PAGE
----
This past year was an auspicious one for American art. The National Academy reopened to the public in September, while November saw the much-anticipated launch of Alice Walton’s Crystal Bridges Museum in Bentonville, Arkansas. This week, the Metropolitan Museum of Art in New York completes the triumvirate, unveiling yesterday the third and final stage of its American Wing. Some twenty-six galleries were renovated by architects from Kevin Roche John Dinkeloo & Associates.
Most of the Met’s reopened galleries feature the museum’s encyclopedic collection of American paintings, presenting them in a “chrono-thematic survey” spread across the wing’s second floor. Moving from early colonial paintings onward, the shows is organized by theme or genre, using the art to deepen our understanding of early American life (in the “Colonial Portraiture, 1730–76” or the “John Singleton Copley” galleries) through the early 20th century (in the “Images of Women, 1880–1910” and “Ashcan Painters and Their Circle, 1900–1920” galleries). Sculptures are interspersed among the paintings, and several galleries were added to display highlights of 18th-century furniture and silver, subsequently intermingling genres and media in a very fresh way.
The paintings hang in extremely modern galleries that don’t feel stark. The renovated spaces maintain an historic Beaux-Arts sensibility and a feeling of intimacy through wide planks of oak flooring, limestone trim, and ceilings with large skylights or barrel-vaults.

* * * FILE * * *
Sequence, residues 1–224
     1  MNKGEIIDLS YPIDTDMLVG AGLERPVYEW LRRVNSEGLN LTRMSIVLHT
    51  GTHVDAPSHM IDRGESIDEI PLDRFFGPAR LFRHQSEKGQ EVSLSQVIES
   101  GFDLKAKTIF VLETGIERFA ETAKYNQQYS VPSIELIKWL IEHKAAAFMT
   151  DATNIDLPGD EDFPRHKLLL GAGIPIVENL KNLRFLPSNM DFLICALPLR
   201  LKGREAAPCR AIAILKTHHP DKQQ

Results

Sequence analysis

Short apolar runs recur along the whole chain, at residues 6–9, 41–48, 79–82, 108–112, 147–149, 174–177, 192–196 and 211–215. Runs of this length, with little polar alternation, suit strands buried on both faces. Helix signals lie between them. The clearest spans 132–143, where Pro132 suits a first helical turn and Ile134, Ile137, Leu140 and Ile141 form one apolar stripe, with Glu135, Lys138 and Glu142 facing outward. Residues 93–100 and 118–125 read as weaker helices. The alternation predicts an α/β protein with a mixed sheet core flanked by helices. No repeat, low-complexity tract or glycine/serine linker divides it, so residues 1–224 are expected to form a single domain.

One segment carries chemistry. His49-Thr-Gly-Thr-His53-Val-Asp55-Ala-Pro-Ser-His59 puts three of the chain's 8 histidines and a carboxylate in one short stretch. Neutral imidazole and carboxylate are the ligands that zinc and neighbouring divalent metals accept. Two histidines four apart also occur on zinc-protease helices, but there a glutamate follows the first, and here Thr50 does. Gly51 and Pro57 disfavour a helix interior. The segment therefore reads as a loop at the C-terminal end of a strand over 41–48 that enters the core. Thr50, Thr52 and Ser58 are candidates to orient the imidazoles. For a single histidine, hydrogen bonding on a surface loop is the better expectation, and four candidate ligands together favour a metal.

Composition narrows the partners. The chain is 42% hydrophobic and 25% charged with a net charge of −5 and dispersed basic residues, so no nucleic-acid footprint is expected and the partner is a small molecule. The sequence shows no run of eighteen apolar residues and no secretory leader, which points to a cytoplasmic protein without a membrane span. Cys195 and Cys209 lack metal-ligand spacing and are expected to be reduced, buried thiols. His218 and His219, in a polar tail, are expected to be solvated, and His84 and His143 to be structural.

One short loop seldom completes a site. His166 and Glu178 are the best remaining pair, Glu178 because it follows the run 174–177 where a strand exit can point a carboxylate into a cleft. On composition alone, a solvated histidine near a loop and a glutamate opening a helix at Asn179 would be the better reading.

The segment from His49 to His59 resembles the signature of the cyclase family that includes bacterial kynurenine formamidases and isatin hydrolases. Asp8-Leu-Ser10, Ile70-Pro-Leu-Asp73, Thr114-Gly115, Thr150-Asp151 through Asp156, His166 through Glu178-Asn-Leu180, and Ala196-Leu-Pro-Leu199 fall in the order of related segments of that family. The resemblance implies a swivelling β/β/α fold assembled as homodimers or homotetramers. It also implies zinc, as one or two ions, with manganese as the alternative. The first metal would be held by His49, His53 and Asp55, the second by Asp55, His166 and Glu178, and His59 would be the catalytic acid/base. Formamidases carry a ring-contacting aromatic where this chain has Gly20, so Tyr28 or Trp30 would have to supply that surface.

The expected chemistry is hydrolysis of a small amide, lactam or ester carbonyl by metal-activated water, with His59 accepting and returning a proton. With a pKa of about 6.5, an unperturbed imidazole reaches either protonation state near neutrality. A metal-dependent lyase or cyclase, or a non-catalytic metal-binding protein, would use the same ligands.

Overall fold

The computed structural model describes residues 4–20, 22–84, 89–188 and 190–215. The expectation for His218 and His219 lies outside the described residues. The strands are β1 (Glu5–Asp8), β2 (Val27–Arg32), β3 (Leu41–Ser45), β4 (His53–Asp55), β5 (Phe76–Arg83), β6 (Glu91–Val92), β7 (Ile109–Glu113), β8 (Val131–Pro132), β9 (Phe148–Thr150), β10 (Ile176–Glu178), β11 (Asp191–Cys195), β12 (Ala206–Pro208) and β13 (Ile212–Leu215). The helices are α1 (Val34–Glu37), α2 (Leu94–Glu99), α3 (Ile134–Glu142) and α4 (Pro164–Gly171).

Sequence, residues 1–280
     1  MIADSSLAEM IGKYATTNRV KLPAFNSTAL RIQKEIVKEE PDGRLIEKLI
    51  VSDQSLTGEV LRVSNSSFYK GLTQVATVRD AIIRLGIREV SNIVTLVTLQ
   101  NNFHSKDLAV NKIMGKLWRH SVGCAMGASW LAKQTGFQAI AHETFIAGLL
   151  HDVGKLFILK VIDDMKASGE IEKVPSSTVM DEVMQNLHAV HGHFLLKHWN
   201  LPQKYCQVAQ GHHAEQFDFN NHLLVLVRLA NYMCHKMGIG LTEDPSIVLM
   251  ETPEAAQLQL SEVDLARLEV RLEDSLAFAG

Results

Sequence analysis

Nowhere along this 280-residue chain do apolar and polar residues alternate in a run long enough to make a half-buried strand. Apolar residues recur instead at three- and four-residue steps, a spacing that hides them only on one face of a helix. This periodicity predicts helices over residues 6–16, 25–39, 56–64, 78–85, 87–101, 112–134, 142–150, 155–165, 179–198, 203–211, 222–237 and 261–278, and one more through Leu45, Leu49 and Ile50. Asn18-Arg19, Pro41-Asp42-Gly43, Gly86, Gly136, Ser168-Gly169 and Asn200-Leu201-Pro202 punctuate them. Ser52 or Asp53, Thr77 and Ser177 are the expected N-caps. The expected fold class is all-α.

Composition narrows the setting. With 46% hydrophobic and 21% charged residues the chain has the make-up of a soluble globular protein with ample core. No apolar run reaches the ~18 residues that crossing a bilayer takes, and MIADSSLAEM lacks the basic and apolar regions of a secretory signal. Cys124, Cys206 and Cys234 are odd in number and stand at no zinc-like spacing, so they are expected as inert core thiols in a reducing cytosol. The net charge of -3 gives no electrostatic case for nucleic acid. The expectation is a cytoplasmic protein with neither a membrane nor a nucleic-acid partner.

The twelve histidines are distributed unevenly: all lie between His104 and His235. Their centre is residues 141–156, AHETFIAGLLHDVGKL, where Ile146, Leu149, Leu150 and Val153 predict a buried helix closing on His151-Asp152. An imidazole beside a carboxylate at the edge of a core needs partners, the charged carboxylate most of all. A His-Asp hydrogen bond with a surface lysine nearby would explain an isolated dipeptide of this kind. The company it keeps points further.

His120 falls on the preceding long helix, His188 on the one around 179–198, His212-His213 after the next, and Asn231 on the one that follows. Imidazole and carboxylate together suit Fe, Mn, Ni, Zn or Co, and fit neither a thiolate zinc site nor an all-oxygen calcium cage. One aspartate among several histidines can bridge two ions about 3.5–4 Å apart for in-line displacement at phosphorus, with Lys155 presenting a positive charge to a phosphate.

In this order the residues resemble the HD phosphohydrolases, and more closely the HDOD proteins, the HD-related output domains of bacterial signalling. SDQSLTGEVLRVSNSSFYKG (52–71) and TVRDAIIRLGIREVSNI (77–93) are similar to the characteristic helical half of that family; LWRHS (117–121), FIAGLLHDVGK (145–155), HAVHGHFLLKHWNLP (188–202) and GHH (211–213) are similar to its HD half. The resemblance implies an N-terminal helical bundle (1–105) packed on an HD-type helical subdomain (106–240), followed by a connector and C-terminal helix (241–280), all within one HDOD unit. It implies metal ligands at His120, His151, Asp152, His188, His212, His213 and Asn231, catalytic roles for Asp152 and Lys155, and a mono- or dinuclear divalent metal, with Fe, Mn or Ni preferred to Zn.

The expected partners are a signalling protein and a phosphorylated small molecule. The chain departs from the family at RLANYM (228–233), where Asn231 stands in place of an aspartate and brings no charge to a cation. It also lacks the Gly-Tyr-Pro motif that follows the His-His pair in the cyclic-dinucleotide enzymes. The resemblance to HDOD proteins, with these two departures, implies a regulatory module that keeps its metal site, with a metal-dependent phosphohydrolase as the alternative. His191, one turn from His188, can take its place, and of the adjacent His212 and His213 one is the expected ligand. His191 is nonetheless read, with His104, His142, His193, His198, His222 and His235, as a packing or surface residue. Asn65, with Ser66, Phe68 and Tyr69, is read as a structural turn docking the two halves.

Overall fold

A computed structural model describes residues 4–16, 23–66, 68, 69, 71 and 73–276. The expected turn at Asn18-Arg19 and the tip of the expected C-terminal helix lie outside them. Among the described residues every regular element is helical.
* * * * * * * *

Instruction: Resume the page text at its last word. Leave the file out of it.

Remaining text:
Morrison Heckscher, the American Wing chairman, characterizes the design as “architecture in the cause of art.” The proportions of the rooms, the finishes used, and even the methods of display and the object information plaques feel important, not because they take attention away from the art, but because they help it speak more effectively. The “Life in America 1700–1800” gallery, for instance, elevates a row of furniture three feet off the ground, behind which, in an especially contemporary stroke, a collection of ironwork hinges and hardware hangs directly on the wall. Like everything else in the new wing, touches like this help the viewer experience the collection and its story in a new way.
The remarkable quality of the new American Wing derives from the fluidity between its spaces and the narrative that develops from gallery to gallery. Long transverses provide exciting sight lines to pull the viewer from the colonial art and the Revolutionary War to Emanuel Leutze’s iconic Washington Crossing the Delaware (1851), created nearly a century later.
But the journey from one point in history to another is anything but direct as side galleries direct visitors through rooms covering the breadth of early American life. In the room dedicated to folk art, don’t miss the painted-wood phrenological head (ca. 1850) attributed to Asa Ames (on loan from the American Folk Art Museum), and as you pass through Van Rensselaer Hall from 1760s Albany, take a closer look at the Grisaille wallpaper. You must, as curator Barbara Weinberg told A.i.A., “Keep your eyes open for invitations for exploration,” and don’t walk by the room dedicated to a collection of miniature portraits painted on ivory, especially Sarah Goodridge’s Beauty Revealed from 1828, or the itinerate painter’s work-box.
During a walk through last week, Heckscher described the wing’s grid design as a way to put all the pictures “on one level, on one playing field.” Of course, he admits, the best pictures are in prime loctions and, like Leutze’s painting of Washington, are visible from multiple vantage points.